Why has this article been nominated for a cleanup? What is wrong with it that I'm not noticing? --Invertebrat 10:49, 25 July 2006 (PDT)
I was thinking the same thing. --Hiraeth 16:51, 25 August 2006 (PDT)
Well, on second glance, the alphabetizing was all out of whack. I cleaned that up, and alphabetized listed authors by last name. Otherwise -- the only other thins is that I strongly think this article should be renamed to "Literary References". --Hiraeth 17:08, 25 August 2006 (PDT)
Am I correct that the main problem was with the alphabetic order of the items (and this was corrected)? Because it seems ok to me now. The only thing that I can think of is to delete details here that could be directed to "See Main Article"; otherwise it looks alright to me. --PandoraX 14:41, 30 August 2006 (PDT)
There was a Stuart Woods book on the book shelf in the Swan Bunker. It was published in 2003. Desmond arrived in 2001. So who brought the Stuart Woods book to the Swan Bunker?
Good eye for detail! Who brought the book? -- that's a good question. However, I don't think that the year of the plane crash has ever been mentioned or easily inferred outright. We do know that it has to be sometime after 1980, since that is the copyright date of the film; and also some time after the early 1990's, since Sayid was involved in the first Gulf War. I don't recall any of the characters ever mentioning anything about current world events at the time of the crash...
Also, Jack's luggage tag -- with "the numbers" as the routing code, which had been found in Rousseau's dwelling had a future date on it...I think J/SHEPHARD 09SEPT21 / 4815162342. This observation is mentioned toward the top of "The Numbers" page.
--BrianSTL 09:29, 21 November 2005 (PST)
Based on Sawyer's reaction shortly after the crash to Sayid simply having been on the plane, I would guess that the events took place/are taking place sometime after 9/11.
--Miss Mary Mack 13:11, 21 May 2006 (PDT)
As now revealed, the plane crash was Sept. 22, 2004. So theoretically, it could have been on the plane. Pkal 19:13, 18 October 2006 (PDT)
Two possible explanations spring to my mind. Although I don't know where the book is seen. Is it in a flashback or the "present day"? If it's the latter then it could have been brought to The Swan by one of the plane crash survivors, since we know that they have books. The second possibility is it's inclusion in one of the supply drops.--Unyon 15:10, 10 January 2007 (PST)
The crash was before the Red Sox won the World Series. Jack joked about that in Season 1.
Since the producers could not have known that the Sox would win the series later that year, I don't think that the Sox's win has any bearing on the timeframe of the LOST series.
--BrianSTL 06:50, 23 March 2006 (PST)
Public Domain Books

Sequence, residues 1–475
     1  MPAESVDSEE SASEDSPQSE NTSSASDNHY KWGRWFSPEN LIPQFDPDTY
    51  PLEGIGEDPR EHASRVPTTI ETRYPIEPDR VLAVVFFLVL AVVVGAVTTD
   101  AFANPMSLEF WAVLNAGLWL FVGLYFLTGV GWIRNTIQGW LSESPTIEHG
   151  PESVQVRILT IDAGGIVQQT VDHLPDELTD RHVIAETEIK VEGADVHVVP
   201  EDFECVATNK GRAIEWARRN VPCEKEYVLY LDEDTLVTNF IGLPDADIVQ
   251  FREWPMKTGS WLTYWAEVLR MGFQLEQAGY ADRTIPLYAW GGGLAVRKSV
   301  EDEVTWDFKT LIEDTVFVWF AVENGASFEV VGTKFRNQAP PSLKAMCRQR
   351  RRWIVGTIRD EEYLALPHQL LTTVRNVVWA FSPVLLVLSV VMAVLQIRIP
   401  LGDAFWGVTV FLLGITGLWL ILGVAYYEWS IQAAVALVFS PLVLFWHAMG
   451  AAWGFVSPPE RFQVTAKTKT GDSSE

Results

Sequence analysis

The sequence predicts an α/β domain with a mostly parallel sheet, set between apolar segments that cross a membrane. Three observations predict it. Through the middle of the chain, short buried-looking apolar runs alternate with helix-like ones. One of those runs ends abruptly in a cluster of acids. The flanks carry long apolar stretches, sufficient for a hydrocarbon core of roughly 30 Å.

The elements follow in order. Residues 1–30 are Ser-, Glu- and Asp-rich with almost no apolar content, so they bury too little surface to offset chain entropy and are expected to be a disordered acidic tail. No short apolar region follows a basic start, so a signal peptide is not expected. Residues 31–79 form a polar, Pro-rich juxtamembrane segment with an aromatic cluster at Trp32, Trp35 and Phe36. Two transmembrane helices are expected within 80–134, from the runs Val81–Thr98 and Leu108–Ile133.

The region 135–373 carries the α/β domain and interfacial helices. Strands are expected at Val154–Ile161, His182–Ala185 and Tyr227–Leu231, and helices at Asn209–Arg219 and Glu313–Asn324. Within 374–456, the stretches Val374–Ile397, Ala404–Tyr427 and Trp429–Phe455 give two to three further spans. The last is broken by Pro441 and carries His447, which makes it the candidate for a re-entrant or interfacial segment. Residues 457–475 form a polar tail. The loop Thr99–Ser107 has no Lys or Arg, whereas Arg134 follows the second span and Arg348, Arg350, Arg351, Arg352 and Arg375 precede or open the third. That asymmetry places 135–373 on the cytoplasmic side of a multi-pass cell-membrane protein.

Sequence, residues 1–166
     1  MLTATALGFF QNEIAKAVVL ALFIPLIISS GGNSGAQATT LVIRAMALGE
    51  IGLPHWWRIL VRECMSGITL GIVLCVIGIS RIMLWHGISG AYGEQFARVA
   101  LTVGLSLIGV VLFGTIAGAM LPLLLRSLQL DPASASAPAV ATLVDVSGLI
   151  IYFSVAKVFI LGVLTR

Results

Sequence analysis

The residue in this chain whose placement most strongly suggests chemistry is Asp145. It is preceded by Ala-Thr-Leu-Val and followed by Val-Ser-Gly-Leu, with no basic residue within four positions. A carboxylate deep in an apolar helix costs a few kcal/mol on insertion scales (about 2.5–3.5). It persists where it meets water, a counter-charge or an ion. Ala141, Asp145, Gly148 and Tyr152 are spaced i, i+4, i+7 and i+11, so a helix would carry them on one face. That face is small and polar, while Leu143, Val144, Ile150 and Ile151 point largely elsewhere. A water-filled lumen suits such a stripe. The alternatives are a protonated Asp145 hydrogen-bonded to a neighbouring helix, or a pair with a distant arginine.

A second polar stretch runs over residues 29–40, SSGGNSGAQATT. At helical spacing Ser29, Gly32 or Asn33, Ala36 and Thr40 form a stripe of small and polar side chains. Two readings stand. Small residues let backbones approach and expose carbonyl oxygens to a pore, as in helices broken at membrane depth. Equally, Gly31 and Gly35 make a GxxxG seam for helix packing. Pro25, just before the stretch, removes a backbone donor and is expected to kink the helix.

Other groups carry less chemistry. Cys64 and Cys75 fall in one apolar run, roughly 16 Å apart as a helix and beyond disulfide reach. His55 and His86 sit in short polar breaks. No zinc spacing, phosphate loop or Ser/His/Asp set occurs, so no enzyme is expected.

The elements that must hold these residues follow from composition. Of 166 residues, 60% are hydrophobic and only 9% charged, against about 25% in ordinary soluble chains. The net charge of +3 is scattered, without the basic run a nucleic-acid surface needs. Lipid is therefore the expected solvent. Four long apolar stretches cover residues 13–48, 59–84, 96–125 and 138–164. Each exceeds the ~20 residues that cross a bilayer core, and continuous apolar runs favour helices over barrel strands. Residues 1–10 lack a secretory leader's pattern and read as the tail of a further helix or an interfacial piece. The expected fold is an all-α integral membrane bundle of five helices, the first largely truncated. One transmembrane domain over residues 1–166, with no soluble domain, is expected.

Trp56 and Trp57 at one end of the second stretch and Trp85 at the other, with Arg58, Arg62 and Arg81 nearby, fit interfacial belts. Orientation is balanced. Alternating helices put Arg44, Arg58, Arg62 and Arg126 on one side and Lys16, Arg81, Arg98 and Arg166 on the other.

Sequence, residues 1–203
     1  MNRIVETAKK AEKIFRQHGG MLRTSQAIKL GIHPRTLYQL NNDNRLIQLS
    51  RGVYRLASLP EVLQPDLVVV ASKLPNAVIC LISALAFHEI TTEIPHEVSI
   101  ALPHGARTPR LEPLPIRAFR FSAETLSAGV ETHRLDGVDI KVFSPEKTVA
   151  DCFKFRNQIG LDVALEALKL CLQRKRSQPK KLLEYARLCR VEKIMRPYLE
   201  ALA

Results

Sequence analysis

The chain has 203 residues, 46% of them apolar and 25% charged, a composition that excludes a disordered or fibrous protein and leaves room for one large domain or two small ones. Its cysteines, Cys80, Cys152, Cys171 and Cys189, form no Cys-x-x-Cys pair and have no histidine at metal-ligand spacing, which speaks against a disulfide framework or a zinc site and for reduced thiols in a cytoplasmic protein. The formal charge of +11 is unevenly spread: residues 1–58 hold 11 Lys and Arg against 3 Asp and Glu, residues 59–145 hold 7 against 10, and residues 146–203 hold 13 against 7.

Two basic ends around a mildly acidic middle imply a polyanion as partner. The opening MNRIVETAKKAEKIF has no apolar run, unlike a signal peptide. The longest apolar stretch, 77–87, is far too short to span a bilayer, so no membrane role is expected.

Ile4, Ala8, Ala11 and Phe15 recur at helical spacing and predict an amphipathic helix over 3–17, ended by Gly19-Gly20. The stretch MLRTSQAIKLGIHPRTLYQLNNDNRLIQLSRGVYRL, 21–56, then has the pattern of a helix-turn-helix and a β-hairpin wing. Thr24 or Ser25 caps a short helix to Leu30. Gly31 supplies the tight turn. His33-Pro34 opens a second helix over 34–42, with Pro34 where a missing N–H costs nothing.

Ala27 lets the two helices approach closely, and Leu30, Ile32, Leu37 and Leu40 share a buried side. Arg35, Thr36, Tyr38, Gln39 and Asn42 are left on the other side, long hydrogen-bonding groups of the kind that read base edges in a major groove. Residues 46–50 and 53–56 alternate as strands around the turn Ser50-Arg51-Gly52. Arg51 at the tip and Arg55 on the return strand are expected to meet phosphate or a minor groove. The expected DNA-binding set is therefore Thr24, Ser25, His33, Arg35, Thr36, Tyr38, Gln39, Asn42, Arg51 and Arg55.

Are any of the books that have been featured in Lost entered the public domain yet? If so, could it be worthwhile to have these pieces on the site? --Plkrtn 12:51, 23 January 2006 (PST)
Occurrence At Owl Creek Bridge is available in full from a number of websites if that is what you mean by "entered the public domain." I put a mention of the book in the Literary Works section, with a link to a website that has the story and a sidebar with text explaining it. This link would be better placed on a separate page for the book, like the other books on this page, but I don't know how to start a new page. --Stew Erickson 06:21, 9 February 2006 (PST)
Kelvin may refer to Lord Kelvin's Machine, by James P. Blaylock. In the novel, the machine is an electromagnetic device that, if ever used, would destroy the world.
Or to Lord Kalvan of Otherwhen by H. Beam Piper about a man who winds up in a parallel dimension (His real name is Kelvin, it becomes pronounced Kalvan by the alternate dimension's inhabitants)--Tricksterson 08:58, 6 July 2006 (PDT)
One of the overdue videos mentioned by Claire in the funeral of the fuselage was "Willy Wonka". Which would be the (1971) Mel Stuart film "Willy Wonka & the Chocolate Factory" i guess rather than the new Tim Burton "Charlie and the Chocolate Factory".
Only a vague reference.. but one none the less.
- Well, "Jurassic Park" is on the list, and it's pretty likely Nikki was referring to the movie, not the book (she doesn't seem like the reading type). So, I wouldn't have a problem with Willy Wonka being on the list. Burnside65 10:17, 30 October 2007 (PDT)
Books shown physically vs. books referred to verbally
I think that the literary works entioned should be separated into at least two groups...those actually shown, and those referred or alluded to in the characters' conversations. Comments? Other opinions? --BrianSTL 06:45, 23 March 2006 (PST)
Changed my mind about this. Maybe we should just rename the article to "References to Literary Works" or simply "Literary Works" since there are many useful references made, where the work in question does not actually make an appearance. --Nigedo 06:14, 6 July 2006 (PDT)
I think it should be "Literary References" -- go for simple. --Hiraeth 17:09, 25 August 2006 (PDT)
If I can get permission, could I redo this page with simple subsection for books, another for authors, and maybe even characters from stories? I'd, of course, link to either this site with the names or Wikipedia, but it would make the article much more condensed and easy on the eyes. -- |†|[ K i t s u n e ]|†| 16:11, 17 August 2006 (PDT)
Going to get rid of the Silver Chair reference. There is no appearance or mention of the book or any of the events or characters in it and the justification listed is a stretch to say the least.--Tricksterson 09:54, 11 October 2006 (PDT)
It it necessary to display the list of every (currently) identified title on Jack's bookshelf? Especially since it's so incomplete. I think that it should be moved to its own page, but I won't take it upon myself to do so. (Kudos to the person who compiled it, though; I'd never have had the patience.) --Invertebrat 12:11, 11 October 2006 (PDT)
- Speaking of Jack's bookshelves, there're a couple of books about different colored horses, in particular a Pale horse. These call up images of the Horsemen of the Apocalypse. Significant? Maybe. Worth noting.--NotARedHerring 23:08, 14 October 2006 (PDT)
Rename for capitalization
- Not a proper noun. Rename to: Appearances of literary works. -- 23:11, 14 October 2006 (PDT)
Adding a book?
How do I add a book? Thanks
Apologies in advance if I mess this up; I am adding Perfume by Patrick Suskind.--MrsFriendly 20:07, 4 February 2008 (PST)
The section on Sawyer's reads is not up-to-date.
Doesn't belong in the main article, but here's the 'reading is sexy' fanvid... --
How Hard Would This Be?